However, we expect this program will be rolled back gradually in June before ending entirely in September with some Republican states having halted this program already. From there, we will see a gradual increase in the workforce. 

Thus, we expect inflationary pressure to subside and for the Fed to maintain an accommodative monetary policy stance that should keep growth humming.

4. First-in-first-out from the pandemic, China has rebounded strongly this year as it reboots its economy. Is this growth pace sustainable? 

There is increasing evidence to show that China’s growth has peaked as seen in the fall in credit impulse and total social financing. We believe the country will continue to post positive GDP performance, but this pace of growth is likely to moderate. 

In such an environment, it will be prudent to reduce exposure to credit sensitive sectors that have benefitted from the strong rise in credit impulse which we saw last year. The team is focused on identifying such ideas and we have explores some investment themes within the consumption, travel and tourism sectors.
However, we don’t expect China to embark on any major policy shift and tighten aggressively. What policymakers have been doing is tightening at the margins to cool down the property market and curb speculation in the commodities space. Beijing has also reduced the scale of its bond issuances which suggest that it is reining in public spending. 

There were hard lessons to be learnt for China in its experience in dealing with the 2008-GFC where it had to massively stimulate its economy which resulted in an increase in public debt and leverage. As a result, it had to deal with the after-effects and the resulting hangover from this overstimulation. 

But this time around, China has been a lot more prudent by not going overboard and embarking on more targeted stimulus measures. 

Whilst, the fall in credit impulse data and social financing may seem negative in the short-term. In our view, this is positive for the long-term sustainability and growth of its economy as well as stock market.

5. How are valuations at this juncture? 

In the Asia ex-Japan market, the Price-to-Earnings (P/E) ratio is trading above the long-term average on a historical basis. The same can be said for other financial markets as well. If inflation is indeed transitory and markets start to believe this, then valuations can remain higher-for-longer, especially against the backdrop of continued economic recovery.

From a discounted cash flow or net present value basis which uses the risk-free rate, valuations could also see support if interest rates are well behaved. Low interest rates would theoretically lead to a higher net present value of future cash flows and vice versa.

6. What about technicals? 

Technical indicators such as the Bank of America Bull/Bear indicator which is currently at 7.0 suggest that market sentiment is bullish but not extreme. We have seen strong inflows back into global equities, though the current pace is not likely to be sustainable. 
A large chunk of the inflows went into value funds/sectors last year as opposed to growth or technology stocks due to lower interest rates. Inflows into these value strategies largely came from the reasoning that they would benefit from a reflation trade, particularly those invested in commodities, materials, and financials.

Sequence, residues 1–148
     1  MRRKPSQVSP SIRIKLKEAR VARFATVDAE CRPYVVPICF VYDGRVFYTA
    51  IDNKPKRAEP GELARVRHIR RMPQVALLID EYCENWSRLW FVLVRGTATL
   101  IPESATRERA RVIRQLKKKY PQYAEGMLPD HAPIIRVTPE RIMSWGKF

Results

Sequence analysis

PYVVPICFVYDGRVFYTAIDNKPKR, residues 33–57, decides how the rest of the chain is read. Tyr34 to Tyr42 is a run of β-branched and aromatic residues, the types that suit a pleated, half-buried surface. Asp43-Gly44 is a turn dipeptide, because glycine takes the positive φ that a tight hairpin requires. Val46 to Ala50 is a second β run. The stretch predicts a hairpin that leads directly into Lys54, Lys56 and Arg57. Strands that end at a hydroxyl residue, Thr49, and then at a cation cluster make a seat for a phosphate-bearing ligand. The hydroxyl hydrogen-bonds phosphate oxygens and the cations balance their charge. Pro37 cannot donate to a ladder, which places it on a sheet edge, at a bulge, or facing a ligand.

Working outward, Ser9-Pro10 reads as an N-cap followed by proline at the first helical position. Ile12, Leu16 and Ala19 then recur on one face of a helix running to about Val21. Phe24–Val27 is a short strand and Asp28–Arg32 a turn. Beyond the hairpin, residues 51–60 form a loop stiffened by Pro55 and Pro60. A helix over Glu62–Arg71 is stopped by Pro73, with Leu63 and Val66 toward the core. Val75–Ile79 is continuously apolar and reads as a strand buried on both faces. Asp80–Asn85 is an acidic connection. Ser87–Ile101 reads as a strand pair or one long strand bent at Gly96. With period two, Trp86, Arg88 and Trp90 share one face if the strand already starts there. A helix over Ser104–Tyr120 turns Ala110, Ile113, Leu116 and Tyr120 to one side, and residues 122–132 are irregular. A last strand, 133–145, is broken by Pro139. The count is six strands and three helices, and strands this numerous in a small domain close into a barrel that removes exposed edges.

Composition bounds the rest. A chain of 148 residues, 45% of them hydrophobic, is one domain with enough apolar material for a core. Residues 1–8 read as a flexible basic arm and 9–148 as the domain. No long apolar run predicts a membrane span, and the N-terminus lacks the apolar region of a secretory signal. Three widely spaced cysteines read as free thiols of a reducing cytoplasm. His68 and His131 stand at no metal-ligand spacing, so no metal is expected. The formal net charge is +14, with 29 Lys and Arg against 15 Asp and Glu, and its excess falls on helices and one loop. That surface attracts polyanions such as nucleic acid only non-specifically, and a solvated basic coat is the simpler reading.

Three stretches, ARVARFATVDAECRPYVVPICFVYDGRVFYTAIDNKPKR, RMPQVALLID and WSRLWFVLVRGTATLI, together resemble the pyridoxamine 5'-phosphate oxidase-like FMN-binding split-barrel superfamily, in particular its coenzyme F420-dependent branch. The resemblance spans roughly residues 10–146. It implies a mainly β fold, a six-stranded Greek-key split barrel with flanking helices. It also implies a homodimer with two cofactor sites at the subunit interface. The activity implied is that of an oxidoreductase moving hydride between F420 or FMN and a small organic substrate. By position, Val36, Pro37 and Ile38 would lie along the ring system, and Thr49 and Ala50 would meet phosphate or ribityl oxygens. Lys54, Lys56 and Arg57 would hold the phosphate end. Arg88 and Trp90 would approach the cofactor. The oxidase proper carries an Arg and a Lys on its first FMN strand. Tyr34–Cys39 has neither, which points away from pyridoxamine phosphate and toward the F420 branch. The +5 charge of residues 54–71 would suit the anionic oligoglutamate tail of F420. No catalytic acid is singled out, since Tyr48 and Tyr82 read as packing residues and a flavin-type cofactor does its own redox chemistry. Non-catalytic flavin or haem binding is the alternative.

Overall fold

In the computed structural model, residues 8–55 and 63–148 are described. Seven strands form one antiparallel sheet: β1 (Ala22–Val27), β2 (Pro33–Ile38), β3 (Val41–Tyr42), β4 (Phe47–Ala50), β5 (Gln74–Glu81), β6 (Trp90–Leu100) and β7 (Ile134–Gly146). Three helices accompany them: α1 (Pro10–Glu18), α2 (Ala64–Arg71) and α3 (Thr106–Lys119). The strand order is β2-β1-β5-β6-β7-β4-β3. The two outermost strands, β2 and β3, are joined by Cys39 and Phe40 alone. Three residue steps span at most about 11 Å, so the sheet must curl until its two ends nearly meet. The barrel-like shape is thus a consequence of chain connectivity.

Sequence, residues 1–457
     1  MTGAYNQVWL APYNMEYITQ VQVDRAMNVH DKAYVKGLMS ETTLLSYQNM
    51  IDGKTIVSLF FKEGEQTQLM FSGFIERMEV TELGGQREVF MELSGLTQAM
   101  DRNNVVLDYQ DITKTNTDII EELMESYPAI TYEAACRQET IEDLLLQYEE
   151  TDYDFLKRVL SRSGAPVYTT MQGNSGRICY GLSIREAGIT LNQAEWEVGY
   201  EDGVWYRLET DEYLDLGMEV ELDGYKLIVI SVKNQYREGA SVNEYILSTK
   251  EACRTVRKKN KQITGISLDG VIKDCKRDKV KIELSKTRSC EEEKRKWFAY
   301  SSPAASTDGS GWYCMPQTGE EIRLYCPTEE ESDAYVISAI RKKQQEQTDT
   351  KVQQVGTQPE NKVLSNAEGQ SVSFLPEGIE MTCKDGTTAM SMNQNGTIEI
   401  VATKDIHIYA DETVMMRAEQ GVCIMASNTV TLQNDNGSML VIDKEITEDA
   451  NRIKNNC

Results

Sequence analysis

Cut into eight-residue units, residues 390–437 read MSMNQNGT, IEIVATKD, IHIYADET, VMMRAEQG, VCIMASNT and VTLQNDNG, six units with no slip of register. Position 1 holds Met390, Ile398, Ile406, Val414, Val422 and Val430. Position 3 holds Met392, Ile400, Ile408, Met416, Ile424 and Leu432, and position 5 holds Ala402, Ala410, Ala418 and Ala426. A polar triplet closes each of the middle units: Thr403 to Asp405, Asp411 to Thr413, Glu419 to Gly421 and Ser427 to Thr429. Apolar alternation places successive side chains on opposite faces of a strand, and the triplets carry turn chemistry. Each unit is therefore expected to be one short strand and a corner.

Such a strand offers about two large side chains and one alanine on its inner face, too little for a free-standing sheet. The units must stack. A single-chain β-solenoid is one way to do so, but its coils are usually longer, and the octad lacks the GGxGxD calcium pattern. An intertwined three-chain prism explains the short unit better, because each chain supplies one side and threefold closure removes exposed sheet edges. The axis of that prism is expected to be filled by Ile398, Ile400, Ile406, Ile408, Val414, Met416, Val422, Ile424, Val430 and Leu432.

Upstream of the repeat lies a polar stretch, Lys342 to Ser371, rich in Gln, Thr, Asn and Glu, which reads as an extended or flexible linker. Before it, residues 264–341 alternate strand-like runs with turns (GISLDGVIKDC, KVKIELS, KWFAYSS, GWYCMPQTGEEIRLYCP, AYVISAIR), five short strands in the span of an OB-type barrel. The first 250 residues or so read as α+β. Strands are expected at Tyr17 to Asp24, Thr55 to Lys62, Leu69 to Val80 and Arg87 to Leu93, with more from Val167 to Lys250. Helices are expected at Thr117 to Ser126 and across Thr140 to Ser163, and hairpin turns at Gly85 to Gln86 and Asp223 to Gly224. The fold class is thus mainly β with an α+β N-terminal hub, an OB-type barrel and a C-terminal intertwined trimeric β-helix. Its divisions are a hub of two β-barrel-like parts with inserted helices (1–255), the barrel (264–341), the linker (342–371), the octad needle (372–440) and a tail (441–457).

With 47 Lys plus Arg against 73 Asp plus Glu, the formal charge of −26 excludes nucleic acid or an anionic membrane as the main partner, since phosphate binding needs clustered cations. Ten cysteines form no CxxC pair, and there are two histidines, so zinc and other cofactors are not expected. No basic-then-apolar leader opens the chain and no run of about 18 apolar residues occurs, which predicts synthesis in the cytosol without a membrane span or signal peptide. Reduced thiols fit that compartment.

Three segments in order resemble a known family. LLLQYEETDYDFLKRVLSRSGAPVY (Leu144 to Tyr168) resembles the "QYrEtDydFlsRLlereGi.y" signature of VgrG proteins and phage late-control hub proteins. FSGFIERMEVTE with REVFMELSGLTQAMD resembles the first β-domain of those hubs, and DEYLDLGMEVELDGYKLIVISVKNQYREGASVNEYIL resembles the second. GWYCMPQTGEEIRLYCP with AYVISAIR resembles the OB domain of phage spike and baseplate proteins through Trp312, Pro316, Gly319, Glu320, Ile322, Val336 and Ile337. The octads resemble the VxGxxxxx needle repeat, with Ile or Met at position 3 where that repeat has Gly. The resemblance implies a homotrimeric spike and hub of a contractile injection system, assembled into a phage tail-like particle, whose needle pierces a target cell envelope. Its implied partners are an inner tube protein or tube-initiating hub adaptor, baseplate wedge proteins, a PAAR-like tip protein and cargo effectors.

7. What is the strategy right now and how are you positioning the portfolios?

Our view is that markets could consolidate in the near-term on an index level due to a lack of catalysts as well as already high expectations. The key is to be selective as the easy money has already been made. 

Given our house view on i)excess liquidity, ii)inflation being transitory and iii)different parts of the economy reopening, we believe there are ample investment opportunities. An uneven global recovery coupled with different sector beneficiaries from an economic reopening reopens presents dispersed opportunities in the market.

Long-term growth stocks which have lagged in recent months may start to perform again as inflationary pressure eases. In the near-term, we could see rotation in the market from cyclicals back into growth this year.
In terms of portfolio positioning, we have increased exposure to cyclicals and reopening plays with some positions in defensive sectors as markets have done well. 

We favour owning quality names with longer term-growth prospects as such companies have better growth visibility. From an investing philosophy perspective, we prefer to view investing as being owners of these respective businesses. As such, it is crucial to invest in quality names and in good management. 

We will consider adding further into cyclicals in line with our macro view of global economic recovery. However, we will wait until there are better price points for us to deploy into the sector. This is given what we have seen in China’s credit impulse data as a major consumer of commodities. If credit impulse continues to decline, we believe commodity prices will take a breather at which point we will consider increasing exposure to cyclicals.
We expect monetary policy to remain accommodative and that will lend support to markets as any sudden surge in inflation will be transitory.